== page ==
Strong hands wrap bright fabric around sculpted heads of handsome women.
“I never wrap the same way twice,” artist Debra Ware says. “Each tiny wrap and fold that I make on these small pieces is an exercise in patience.”
She doesn’t bemoan the fact she cannot control the outcome; she embraces the individuality of each piece.
The wrapped heads grace her cuff bracelets, earrings and brooches. The pieces celebrate women all over the world who look like her. Ware values the importance of representation.
“When I was working as a flight attendant, I collected all kinds of jewelry and beads from around the world. In 1990, I bought a piece by artist Coreen Simpson that really impacted me.
“I have always loved cameos, but when I looked at cameos I never saw my face reflected back to me. When I saw her black cameo for the first time it took my breath away,” she says.
Small hands and the magic of a jewelry box • Ware’s love of jewelry began in childhood. “I have loved jewelry since I was a little girl digging through my mother’s jewelry,” she says. “I loved watching her get dressed for church on Sundays because with jewelry, shoes and a hat she would transform a basic outfit into something magical, transforming herself in the process. She looked taller and regal and beautiful.”
Today, Ware designs jewelry that is invested with meaning in each considered component.
Taking flight • “I always made jewelry as a hobby,” she says. “When I worked as a flight attendant, I would make jewelry in my down time and sell it to my team members.” After she retired from the airlines, her jewelry work continued, but with a new intensity and focus.
After a short stint as a corporate paralegal that didn’t work out well, Ware took a breather to reassess her future and recover her battered equanimity.
“I started making jewelry. It was fun, it was healing, it brought me joy, and I wanted to share that with people. I took a step of faith. I started selling online with my Etsy shop, then I began doing popup events,” she says. Fierce Love Soul was born.
The hand of Miriam • Ware hand selects each bead, gemstone, symbol and component of her pieces with focused intention. “I traveled all over the world when I worked for TWA. I think that’s what gave me such an appreciation for different people and cultures,” she says.
“I like using pieces like the batik bone from Kenya and Ghana, and hilltop silver from Northern Thailand; things that have been made the same way for generations. I know the meaning behind each stone and gemstone I choose,” she says.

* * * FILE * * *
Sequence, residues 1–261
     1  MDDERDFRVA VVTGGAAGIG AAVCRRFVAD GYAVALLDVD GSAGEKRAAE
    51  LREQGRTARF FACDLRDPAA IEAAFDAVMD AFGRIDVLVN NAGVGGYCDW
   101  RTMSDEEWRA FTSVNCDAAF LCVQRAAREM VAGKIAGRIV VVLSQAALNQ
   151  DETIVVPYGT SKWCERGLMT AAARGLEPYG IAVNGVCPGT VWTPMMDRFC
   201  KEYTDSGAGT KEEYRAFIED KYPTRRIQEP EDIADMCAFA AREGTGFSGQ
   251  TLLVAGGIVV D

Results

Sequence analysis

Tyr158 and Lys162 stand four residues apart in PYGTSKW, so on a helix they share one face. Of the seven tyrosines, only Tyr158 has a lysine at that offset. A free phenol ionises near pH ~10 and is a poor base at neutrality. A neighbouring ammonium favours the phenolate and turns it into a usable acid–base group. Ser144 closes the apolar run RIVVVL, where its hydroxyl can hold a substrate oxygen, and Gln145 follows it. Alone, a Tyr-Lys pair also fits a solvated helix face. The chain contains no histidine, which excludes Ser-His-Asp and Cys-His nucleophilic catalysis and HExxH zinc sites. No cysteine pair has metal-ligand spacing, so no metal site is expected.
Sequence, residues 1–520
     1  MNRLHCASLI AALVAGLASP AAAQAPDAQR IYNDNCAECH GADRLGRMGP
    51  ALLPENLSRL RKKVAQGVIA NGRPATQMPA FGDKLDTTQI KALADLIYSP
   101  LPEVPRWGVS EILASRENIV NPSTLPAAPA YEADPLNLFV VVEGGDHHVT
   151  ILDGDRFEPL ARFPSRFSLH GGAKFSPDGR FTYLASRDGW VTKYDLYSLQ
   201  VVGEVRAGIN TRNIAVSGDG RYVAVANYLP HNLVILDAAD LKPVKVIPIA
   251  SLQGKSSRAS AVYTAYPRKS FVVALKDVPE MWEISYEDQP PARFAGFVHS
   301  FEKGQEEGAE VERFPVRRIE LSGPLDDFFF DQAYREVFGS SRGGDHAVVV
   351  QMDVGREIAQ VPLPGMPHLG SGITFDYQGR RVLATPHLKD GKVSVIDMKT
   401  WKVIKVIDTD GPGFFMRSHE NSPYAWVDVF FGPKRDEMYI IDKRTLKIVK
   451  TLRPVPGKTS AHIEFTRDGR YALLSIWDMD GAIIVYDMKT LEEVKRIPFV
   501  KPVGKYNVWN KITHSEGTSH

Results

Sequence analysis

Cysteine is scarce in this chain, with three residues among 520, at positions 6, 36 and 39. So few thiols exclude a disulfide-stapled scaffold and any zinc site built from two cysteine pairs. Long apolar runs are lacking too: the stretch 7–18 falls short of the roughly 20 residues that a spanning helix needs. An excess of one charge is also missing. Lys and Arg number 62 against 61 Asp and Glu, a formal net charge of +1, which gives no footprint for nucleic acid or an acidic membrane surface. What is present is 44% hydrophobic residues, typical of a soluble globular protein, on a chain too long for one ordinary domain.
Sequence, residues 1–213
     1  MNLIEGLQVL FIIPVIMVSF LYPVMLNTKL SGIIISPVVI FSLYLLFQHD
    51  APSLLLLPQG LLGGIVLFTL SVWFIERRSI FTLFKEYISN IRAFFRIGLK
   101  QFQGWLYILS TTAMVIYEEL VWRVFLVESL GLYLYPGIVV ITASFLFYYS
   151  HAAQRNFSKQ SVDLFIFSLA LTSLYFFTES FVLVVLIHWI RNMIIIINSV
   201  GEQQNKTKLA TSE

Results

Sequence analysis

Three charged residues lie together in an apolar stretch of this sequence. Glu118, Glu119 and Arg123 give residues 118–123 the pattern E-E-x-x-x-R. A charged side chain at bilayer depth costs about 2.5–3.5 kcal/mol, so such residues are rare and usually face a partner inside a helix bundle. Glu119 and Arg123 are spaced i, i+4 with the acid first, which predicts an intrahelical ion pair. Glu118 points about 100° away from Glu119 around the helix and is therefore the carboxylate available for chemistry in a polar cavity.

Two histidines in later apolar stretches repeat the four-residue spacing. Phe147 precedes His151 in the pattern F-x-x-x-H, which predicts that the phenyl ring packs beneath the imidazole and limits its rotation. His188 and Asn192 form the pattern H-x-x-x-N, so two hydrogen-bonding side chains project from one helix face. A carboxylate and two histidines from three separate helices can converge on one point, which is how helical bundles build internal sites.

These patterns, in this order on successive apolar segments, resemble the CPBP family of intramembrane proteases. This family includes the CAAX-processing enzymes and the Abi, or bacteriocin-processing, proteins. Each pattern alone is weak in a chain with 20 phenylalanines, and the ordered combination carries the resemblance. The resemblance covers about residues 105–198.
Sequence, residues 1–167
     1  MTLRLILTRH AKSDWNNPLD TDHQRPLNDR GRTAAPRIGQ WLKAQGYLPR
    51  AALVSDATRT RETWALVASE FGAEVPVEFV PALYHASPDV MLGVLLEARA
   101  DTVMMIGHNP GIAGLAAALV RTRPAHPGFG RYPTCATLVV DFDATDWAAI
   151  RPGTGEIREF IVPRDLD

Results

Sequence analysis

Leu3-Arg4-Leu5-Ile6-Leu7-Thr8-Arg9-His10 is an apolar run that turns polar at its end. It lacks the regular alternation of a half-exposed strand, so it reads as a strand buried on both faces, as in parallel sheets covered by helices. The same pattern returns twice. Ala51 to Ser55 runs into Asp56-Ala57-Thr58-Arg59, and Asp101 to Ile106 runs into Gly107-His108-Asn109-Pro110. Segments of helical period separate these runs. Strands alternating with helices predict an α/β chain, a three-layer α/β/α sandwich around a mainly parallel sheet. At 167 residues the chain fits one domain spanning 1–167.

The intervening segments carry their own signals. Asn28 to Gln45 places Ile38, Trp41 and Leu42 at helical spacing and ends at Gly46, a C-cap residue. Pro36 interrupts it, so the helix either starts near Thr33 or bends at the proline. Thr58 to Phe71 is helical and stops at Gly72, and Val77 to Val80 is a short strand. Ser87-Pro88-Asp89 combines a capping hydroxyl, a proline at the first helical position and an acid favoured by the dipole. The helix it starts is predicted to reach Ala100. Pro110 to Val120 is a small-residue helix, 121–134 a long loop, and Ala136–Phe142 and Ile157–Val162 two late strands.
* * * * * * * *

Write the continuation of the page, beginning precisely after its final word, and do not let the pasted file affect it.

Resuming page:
Ware incorporates age-old Adinkra symbols from the Asante people of Ghana in her work. She often integrates the Hand of Miriam, a symbol said to represent the hand of God. Its meaning is twofold: The amulet offers protection as it opens minds and hearts to the universe.
Living through chaos • During the pandemic, Ware concentrated on production, hampered only by delays in deliveries of supplies. In this later time of racial unrest, turmoil and grief, her work centers her.
“I’m heartsick about recent events. My biggest challenge is to keep my heart open. We see injustice, violence, hatred and depravity in our world, but there is also so much goodness,” she says.
Ware believes the qualities that make us human include the ability to love, to show compassion and to be creative.
“Making jewelry is one of the tools that helps me stay connected to my humanity and reminds me to honor the humanity in others. When I look at the beautiful components that I use in my designs, I remember my connection to the Earth and its people.
“It is very important to me to create jewelry that helps each of my customers celebrate their unique beauty,” she says.
Fierce Love Soul
Artist • Debra Ware
Age • 66
Family • One daughter, Shannon
Neighborhood • Shaw
What she makes • Ware handcrafts statement jewelry using natural gemstones, lead-free brass, silver and unusual elements, charms, beads and other wares from artists around the world. Her pieces include earrings, cuff and bangle bracelets, chokers, necklaces, statement pieces, pins and more.
Prices • $18 to $75
Where to buy • Ware sells nationally through from her Etsy store (etsy.com/shop/FierceLoveSoul) and locally at special popup events throughout the city. Follow her on Instagram @fiercelovesoul to preview her newest designs and follow her popup event schedule.
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